A test helper service that autogenerates your fixtures by recording real HTTP requests in order to replay them.
The main advantage is that it is agnostic to what underlying HTTP library you are using (or even what programming language you are using).
It works as a distinct proxy but can also be used as a library in Python tests, e.g. combined with HTTPretty.
To run standalone (suitable for testing in any language):
$ pip install testypie $ testypie * Serving Flask app "testypie" (lazy loading) * Environment: production WARNING: This is a development server. Do not use it in a production deployment. Use a production WSGI server instead. * Debug mode: off * Running on http://127.0.0.1:5000/ (Press CTRL+C to quit)
Then run your tests with
$ export HTTP_PROXY=http://127.0.0.1:5000 $ run-my-tests.sh # e.g. mocha mytests.js or pytest mytests.py
How it works
Whether used as a proxy or as an intercept within Python tests, the idea is that you follow the given workflow:
- Write unit tests that exercise your code without even attempting to mock
- Your code will result in an HTTP request that is allowed to happen over the real network on first run only
- A realistic fixture from this real request is stored in
- On the next test run, testypie will respond with the fixture on disk rather than allow the real request to happen
- Now your tests work fine offline
- You are free to modify fixtures (see fixture format below) to make it replay an altered or stub version of the response
- At any time, you can delete individual or all fixtures to "refresh" them (e.g. if the upstream API changes) -- no need to maintain manual mocks to keep them aligned with upstreams
Use cases and motivation
This project came out of writing tests for code in domains involving a lot of data. For example, working with data from DBPedia or other large data sources.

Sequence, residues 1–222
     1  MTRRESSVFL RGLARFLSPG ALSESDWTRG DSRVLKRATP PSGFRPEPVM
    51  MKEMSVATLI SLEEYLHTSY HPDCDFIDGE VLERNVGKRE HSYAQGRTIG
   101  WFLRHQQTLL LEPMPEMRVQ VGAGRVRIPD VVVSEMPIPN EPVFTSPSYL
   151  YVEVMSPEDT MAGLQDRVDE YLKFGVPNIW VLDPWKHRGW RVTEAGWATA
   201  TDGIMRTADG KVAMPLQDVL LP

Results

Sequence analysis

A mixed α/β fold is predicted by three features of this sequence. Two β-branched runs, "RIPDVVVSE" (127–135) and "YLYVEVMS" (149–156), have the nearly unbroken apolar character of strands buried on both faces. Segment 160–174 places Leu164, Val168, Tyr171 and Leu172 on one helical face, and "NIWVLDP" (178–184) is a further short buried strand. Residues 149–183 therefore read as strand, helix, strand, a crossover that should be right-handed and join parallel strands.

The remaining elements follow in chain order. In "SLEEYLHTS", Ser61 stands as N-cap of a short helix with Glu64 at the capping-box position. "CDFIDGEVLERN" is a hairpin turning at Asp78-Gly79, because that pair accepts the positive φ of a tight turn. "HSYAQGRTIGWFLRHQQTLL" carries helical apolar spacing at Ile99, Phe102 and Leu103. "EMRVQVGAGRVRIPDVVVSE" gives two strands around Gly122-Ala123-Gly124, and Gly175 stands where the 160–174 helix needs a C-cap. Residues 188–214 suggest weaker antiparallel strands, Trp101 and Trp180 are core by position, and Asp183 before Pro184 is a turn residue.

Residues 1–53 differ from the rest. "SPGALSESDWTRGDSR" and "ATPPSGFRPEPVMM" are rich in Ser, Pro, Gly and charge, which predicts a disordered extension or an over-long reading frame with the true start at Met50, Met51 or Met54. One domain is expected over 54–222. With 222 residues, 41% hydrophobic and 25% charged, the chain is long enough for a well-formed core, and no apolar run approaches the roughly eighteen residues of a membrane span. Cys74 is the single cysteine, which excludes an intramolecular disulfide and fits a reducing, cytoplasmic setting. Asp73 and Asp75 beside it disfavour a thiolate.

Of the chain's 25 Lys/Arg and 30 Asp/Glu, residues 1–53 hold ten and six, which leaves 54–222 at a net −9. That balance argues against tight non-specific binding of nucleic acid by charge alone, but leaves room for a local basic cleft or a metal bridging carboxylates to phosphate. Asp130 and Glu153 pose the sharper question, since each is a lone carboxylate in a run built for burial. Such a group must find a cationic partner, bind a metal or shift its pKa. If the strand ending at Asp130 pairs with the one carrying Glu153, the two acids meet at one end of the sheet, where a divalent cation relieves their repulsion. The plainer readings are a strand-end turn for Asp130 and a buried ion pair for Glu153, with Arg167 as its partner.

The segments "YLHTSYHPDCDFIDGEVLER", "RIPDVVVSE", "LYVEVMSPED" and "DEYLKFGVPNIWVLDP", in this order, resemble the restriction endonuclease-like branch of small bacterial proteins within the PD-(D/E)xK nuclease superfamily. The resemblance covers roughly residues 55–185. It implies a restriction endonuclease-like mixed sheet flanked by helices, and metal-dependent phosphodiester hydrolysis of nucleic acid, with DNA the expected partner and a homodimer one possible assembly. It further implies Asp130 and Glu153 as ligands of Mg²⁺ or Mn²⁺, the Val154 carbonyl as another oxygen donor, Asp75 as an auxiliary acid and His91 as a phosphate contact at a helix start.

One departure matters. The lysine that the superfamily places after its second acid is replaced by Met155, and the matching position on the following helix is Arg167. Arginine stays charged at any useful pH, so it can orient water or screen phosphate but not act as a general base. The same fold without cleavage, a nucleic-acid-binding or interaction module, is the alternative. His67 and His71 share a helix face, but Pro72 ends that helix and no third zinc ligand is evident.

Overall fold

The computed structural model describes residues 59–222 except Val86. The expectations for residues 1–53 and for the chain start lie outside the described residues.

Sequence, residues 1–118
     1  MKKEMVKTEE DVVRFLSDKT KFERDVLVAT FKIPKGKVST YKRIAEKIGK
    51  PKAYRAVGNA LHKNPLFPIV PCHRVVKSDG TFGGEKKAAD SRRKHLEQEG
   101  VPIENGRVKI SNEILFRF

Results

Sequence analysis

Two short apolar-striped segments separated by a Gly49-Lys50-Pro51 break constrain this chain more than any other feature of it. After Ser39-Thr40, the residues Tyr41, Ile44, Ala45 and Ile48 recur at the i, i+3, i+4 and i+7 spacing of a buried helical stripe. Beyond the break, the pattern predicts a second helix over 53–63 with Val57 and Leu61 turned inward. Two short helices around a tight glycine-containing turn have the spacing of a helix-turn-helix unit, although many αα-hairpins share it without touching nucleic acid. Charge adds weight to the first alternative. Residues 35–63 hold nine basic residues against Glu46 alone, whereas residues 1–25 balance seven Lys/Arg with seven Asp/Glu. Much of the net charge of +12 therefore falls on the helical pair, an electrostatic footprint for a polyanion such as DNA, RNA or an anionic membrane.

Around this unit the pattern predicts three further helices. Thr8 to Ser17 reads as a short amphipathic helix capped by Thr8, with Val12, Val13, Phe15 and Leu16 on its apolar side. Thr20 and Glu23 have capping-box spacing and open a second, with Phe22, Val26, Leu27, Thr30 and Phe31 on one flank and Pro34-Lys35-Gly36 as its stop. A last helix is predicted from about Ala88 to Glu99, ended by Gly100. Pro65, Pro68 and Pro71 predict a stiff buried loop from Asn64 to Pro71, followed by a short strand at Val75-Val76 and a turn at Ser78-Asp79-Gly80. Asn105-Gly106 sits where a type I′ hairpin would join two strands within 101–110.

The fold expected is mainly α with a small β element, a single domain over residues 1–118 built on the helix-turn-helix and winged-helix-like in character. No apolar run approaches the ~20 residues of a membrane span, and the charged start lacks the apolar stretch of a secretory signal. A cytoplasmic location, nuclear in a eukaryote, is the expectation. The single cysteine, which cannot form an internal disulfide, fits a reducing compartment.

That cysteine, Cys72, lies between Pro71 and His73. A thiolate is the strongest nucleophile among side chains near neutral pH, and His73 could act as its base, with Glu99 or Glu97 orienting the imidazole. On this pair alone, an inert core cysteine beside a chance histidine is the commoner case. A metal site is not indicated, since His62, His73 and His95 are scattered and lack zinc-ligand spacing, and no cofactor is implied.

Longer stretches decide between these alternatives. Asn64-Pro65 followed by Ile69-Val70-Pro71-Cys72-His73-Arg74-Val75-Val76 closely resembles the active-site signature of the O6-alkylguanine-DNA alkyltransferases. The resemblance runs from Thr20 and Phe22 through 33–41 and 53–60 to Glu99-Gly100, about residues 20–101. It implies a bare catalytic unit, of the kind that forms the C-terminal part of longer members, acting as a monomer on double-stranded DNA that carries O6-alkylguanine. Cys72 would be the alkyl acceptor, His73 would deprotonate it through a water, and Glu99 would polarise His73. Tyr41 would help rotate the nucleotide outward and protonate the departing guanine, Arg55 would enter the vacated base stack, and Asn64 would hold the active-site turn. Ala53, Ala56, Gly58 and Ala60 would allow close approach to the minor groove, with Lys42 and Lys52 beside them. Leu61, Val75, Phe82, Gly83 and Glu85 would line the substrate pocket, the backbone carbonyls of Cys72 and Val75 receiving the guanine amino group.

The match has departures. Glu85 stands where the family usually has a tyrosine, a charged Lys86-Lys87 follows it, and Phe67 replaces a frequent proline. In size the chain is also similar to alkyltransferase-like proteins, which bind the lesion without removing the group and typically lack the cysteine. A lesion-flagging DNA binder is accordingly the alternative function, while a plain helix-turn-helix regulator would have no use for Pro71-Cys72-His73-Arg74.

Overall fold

With testypie, you can simply write tests pointing at real data URLs and worry less about having to generate (and maintain) a collection of mocks, stubs or full fixtures.
It is especially useful when using libraries that do HTTP under the hood, but the precise HTTP library used is abstracted away from you, so it is difficult to mock effectively. Examples of this are rdflib or boto.
In the case of boto and AWS, testypie is useful in capturing exactly what boto and AWS do and replaying it rather than having to reverse engineer a fairly complex API so that you can mock it.
Fixtures are a model of the HTTP response (code, headers, body) serialised to YAML files. The use of YAML was a deliberate choice such that the multiline string support allows for a clear, intuitive way to capture the response body exactly as it was (including all newlines) such that it can be easily edited.
Even in cases where an upstream responded with e.g. JSON with no newlines, you are pretty to alter the fixture to respond instead with pretty-printed JSON for easier editing.
The file names for fixtures are based on the HTTP method then a percent-encoded form of the URL that was fetched. This both allows for different responses for different methods (e.g. PUT vs. DELETE) and also keeps the file names understandable enough such that it would be possible to generate fixtures up front with a script (or manually).
The main limitation is the lack of mocking HTTPS in standalone mode. It works fine when used as a helper library in Python though.
Additionally, fixtures are currently keyed against HTTP method and URL only, so there is no way to temporarily mock a service to respond with e.g. HTTP 503 and then mock is back to a healthy HTTP 200 response. For this use case, traditional mocking may be more appropriate as testypie is focused on use cases where you are mocking data sources or capturing more complex APIs (e.g. AWS APIs) where recreating and maintaining mocks would be a lot of effort.
This also means that there is no support for content negotiation or other cases where a response would vary according to request headers.